By John Kennedy
Munster’s dream of honouring their former coach Anthony Foley, who died suddenly on the eve of a pool game in Paris earlier this season, with a third European Cup title lives on after a four-try victory over Toulouse.
The prize for their quarter-final triumph is a trip to France for their 12th semi-final, where they will take on either either the reigning champions Saracens or their Guinness Pro12 rivals Glasgow Warriors, who beat them in the Pro12 final in 2015.
With Leinster comfortably beating Wasps earlier to take their place in the last four it opens up the possibility of an all-Irish final at Murrayfield on 13 May for only the second time in the tournament’s 22-year history.
It was billed as a contest of two genuine Eurpean heavyweights, two teams with six European Cup titles between them, both playing a record 157th game in the tournament. But the truth is that Toulouse are a fallen giant these days, a team struggling to keep pace with the big-spending clubs in the Top 14 and languishing in 10th place in their domestic league.
Their fall from grace since Guy Novès finally stepped up to the French coaching role two years ago has been alarming and there is every prospect of them not finishing in the top six for the first time in 40 years. That would mean no automatic place in the Champions Cup next season for the first time.
Luke McAlister, the former All Black on the French club’s bench, hinted earlier in the week that his side were travelling more in hope than expectation – they have only won three games away from home in the Top 14 and just one in Europe – and they could not have got off to a worse start at a packed Thomond Park, the venue at which they were beaten 47-23 at the same stage in 2014.
The last thing you want to do in Limerick is get the crowd into the game early on, or give Munster the chance to take an early score. So Francois Cros can expect a tough time in the match review for needlessly charging into Duncan Williams with his elbow well after the ball had gone.
The game was not even two minutes old and, by the time the 23-year-old returned from the sin-bin, his side were 10 points adrift. It was not quite game over, but it gave the home side, still riding on the emotional wave of the passing of Anthony Foley, a real grip on the game.
Two close-range line-outs finally opened up a gap for prop John Ryan to drive through for a try at the posts and Tyler Bleyendaal added the conversion. The Kiwi outside-half then punished experienced Italian hooker Leonardo Ghiraldini for pulling down a maul to make it 10 points in as many minutes.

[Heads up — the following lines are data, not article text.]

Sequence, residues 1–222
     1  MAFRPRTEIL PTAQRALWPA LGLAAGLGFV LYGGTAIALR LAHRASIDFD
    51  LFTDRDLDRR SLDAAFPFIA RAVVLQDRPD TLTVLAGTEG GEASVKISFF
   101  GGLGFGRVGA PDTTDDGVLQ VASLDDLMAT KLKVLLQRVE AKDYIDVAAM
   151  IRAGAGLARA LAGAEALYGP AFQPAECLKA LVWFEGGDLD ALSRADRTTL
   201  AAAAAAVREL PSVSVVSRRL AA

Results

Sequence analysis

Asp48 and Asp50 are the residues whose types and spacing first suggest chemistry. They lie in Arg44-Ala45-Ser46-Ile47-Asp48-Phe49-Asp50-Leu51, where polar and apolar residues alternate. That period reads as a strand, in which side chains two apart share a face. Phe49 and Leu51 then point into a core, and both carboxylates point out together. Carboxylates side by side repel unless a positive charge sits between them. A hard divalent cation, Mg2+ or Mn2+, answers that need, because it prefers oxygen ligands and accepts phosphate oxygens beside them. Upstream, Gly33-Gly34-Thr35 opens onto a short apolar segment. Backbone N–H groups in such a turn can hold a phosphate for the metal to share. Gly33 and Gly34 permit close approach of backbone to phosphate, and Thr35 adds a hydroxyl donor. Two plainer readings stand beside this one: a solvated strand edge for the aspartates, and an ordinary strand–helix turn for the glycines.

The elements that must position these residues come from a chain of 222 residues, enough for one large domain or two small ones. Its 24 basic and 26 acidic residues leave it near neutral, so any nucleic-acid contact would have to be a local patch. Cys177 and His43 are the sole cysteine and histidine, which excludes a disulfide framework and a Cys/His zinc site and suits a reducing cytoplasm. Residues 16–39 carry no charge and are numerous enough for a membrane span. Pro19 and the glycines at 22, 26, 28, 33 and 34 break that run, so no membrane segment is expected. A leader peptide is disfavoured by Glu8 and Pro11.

After that, though, Toulouse settled down and used their huge pack to make vital inches. Jean-Marc Doussain kicked three penalties, interspersed with a second from Bleyendaal, and the gap at half-time was probably better than the French club expected at a mere four points, especially as it took six camera views from the television match official to deny a try for Bleyendaal after a knock-on was spotted by Tommy O’Donnell.
With the swirling wind behind them in the second half, Munster wasted no time in building up a bigger cushion. Bleyendaal thumped over a penalty from the half-way line and then their ‘go-to’ man CJ Stander converted a neat peel from a five-metre line-out into typical close-range try.
Bleyendaal missed the conversion, but he stroked over a simple penalty in front of the posts to make it 11 points in 13 minutes at the start of the second half to extend the lead to 15 points. Toulouse needed some help to get back into the fight and it came from an unlikely source – Irish-born referee JP Doyle.
A touchline break by Paul Perez and Yoann Maestri was finished by Perez in the left corner, but there were 26,000 voices at Thomond Park calling for a forward pass. The televsion replays seemed to confirm their suspicions, but Mr Doyle went with his on-field call claiming that none of the TV angles were conclusive enough.
To make the decision all the more wounding, Doussain landed a magnificent touchline conversion to cut the gap to eight points and keep the door slightly ajar. It was shut firmly in Toulouse’s faces when the replacement wing Arthur Bonneval failed to release in a tackle 30 metres out from his posts and Bleyendaal made no mistake with the kick six minutes from time to open up an 11 point gap. then Darren Sweetnam hacked on a dropped ball and won the race for the try. The conversion completed the job and Andew Conway’s fourth try from the last move of the match added a cherry on top of the cake.
Scoring 5-0 Ryan try; 7-0 Bleyendaal con; 10-0 Bleyendaal pen; 10-3 Doussain pen; 13-3 Bleyendaal pen; 13-6 Doussain pen; 13-9 Doussain pen; 16-9 Bleyendaal pen; 21-9 Stander try; 24-9 Bleyendaal pen; 24-14 Perez try; 24-16 Doussain con; 27-16 Bleyendaal pen; 32-16 Sweetnam try; 34-16 Bleyendaal con; 39-16 Conway try, 41-16 Bleyendaal con.
Munster S Zebo; D Sweetnam, J Taute (F Saili 77), R Scannell, K Earls (A Conway 55); T Bleyendaal, D Williams (A Lloyd 77); D Kilcoyne (J Cronin 58), N Scannell (R Marshall 58), J Ryan (S Archer 77), D Ryan, B Holland, P O’Mahony (captain, D O’Callaghan 50), T O’Donnell, CJ Stander (J O’Donoghue 66) .
Toulouse M Médard; Y Huget (A Bonneval 68), F Fritz (L McAlister 68), G Fickou, P Perez; J-M Doussain, S Bézy; C Baille (G Steenkamp 58), L Ghiraldini (J Marchand 49), C Johnston (D Aldegheri 49), J Tekori (P Faasalele 68), Y Maestri, T Dusautoir (captain, T Gray 5-14), Y Camara, F Cros (T Gray 75) .
Referee JP Doyle (England).